This book is written from both Ky and Cassia's viewpoint, it shifts every chapter.  I must admit, I found myself enjoying the chapters from Ky's viewpoint more than Cassia's.  I'm not sure why, I can't quite put my finger on it.  Possibly because I believed so much in the suffering of Ky's character and knew the true heartbreak that would ensue for him if he was to lose Cassia in this book.  I kept reading to make sure Ky was safe and loved.  My heart bleeds for him.  I'm not sure how I feel about Xander, and sometimes how I feel about Cassia.

I can't wait for the final book to hit the shelves so I can devour it as quickly as I've devoured the first two.  Ally Condie - you certainly have my attention!

I can't find a date for when this will be released, but when I do - I'll post it! :-)

Sunday, February 26, 2012

Matched by Ally Condie

Love triangle.  Yep - that's the premise for Cassia Reyes in Matched by Ally Condie.  But, before you think "not another teen drama" give Matched a chance.  I read the book in three days, could not put it down.  A love triangle exists, because we all know that love is a fundamental emotion coursing through teenage veins (and ours, to be honest), but it's different for Cassia and for Xander and Ky - her double matches; there's more at stake than just a broken heart. 

The Society, the world in which they live, has created perfection.  Couples are genetically matched by genes, DNA, and the potential for perfect offspring (as a teacher in public education, I can say this does NOT sound like a bad system).  This happens on or shortly thereafter their seventeenth birthday.  In short, The Society plays Cupid.  And while some parties are destined to be singles for the rest of their life, those that are the best are matched with the best.  Your match most likely will come from another province outside the one you live in, but for Cassia, that's where the surprise begins. 

***Side note:  Now, if you're a word nerd like I am, the idea that the outlying areas are called provinces immediately sparked your musings of war.  Province comes from the Latin word Provincia, meaning territory under domination (pro -before, vincere - to conquer).  So, as I started reading more about Cassia's love matches, it didn't surprise me that one of them came from a war-torn province with plenty of sultry mystery.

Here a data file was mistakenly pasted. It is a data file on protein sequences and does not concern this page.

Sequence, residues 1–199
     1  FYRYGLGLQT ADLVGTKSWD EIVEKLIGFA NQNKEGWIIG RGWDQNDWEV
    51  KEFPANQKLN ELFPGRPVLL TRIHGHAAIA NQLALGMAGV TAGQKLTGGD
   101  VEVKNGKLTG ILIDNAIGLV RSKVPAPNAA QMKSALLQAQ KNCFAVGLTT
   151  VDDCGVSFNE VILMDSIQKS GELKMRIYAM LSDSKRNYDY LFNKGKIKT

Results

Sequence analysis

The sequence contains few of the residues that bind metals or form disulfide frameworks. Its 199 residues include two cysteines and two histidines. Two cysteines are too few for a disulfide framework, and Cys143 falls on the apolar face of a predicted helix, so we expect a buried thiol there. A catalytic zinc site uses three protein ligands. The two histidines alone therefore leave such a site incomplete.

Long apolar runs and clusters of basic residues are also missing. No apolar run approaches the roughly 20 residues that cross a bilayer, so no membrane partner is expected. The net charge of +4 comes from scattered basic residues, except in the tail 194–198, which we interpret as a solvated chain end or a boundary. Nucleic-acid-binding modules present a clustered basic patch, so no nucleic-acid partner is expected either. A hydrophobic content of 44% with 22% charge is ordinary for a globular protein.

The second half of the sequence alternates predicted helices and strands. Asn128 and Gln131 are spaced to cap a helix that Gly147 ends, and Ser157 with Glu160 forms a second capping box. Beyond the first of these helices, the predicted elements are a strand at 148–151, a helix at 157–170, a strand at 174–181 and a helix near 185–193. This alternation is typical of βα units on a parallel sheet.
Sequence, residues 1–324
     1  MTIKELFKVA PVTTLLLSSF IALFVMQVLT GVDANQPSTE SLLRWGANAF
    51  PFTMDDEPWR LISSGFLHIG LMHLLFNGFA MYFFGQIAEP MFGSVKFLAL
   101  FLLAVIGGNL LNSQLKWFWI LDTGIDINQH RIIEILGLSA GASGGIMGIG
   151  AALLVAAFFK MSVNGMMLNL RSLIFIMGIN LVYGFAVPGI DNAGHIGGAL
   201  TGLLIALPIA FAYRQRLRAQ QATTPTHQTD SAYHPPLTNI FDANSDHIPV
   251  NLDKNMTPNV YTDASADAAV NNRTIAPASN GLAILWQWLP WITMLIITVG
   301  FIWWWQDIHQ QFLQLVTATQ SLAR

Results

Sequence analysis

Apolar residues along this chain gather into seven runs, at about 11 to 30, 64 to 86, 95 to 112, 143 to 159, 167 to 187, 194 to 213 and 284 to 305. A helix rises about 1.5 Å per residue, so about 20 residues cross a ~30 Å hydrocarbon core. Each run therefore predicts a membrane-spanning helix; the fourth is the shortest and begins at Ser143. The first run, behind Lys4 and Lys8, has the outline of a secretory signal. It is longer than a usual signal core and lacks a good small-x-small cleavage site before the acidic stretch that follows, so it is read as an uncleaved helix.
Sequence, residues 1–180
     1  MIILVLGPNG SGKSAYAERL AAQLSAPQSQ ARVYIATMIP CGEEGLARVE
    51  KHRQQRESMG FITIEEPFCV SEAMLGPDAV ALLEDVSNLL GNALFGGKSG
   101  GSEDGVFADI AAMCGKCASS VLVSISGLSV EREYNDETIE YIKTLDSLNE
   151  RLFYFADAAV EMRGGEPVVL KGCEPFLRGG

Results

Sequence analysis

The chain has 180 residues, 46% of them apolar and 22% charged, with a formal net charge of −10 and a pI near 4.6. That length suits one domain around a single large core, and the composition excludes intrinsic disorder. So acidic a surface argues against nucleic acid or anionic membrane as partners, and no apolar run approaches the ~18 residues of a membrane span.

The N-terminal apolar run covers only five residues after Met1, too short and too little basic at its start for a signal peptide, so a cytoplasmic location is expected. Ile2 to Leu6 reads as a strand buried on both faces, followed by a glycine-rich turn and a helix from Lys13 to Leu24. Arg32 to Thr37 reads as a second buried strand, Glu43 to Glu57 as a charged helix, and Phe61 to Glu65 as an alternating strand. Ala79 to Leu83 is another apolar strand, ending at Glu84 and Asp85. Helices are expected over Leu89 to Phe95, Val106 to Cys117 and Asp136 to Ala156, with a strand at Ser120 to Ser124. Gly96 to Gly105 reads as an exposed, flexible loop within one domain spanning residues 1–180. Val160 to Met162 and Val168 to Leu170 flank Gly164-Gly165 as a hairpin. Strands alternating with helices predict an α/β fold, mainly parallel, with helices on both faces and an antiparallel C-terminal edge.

Her match night goes as planned, with one little twist.  Her perfect match is right in the room with her; her best friend Xander.  While this is rare, most people meet their match on a screen before them, neither are upset by the match, in fact, Xander was hopeful all along.  But, the mystery begins when Cassisa gets home to read her micro-card about Xander.  This is a chip containing all information about your future betrothed.  Cassia doesn't really see the point in reading hers because she's known Xander her entire life, but curiosity gets the better of her and she pops her card into the reader.  Xander's face is there for only a moment and then it's somebody else - somebody she never thought would be a match for her, Ky Markham. 

The Society doesn't make mistakes.  This could not possibly be happening.  Why hasn't she ever looked at Ky this way before?  What are the odds that he's now a part of everything that she does?  Is The Society playing tricks with her?  Or is this who she's really supposed to love?  Does she have a choice in a world where everything is chosen for her:  who to be, who to love, where to work, and when to die?  Choice...choice...choice - Do not go gentle into that good night, rage, rage, against the dying of the light...

Matched is a well-written novel at 400 pages, and I found it to be an easy read with excellent flow to the story.  Condie's descriptive language is right on cue; not too much that you are drowning in it, and just enough to give you an adequate picture of the life inside The Society.  Lucky for readers, Matched is part of a trilogy, and the second book Crossed is in bookstores now.

Ally Condie ( is a former high school English teacher who lives with her husband and three sons outside of Salt Lake City, Utah. She loves reading, running, eating, and listening to her husband play guitar.  SERIOUSLY - CAN SHE SOUND ANYMORE LIKE ME??? (except I like watching my husband work on his car and listening to him play the drums)

For more information about Matched  and the author, visit the book's website.  In the YA world, I would give this book a definite "two thumbs up" - it's enough science fiction/fantasy to keep a reader turning the page, with just enough reality to make one wonder, "What would I do???"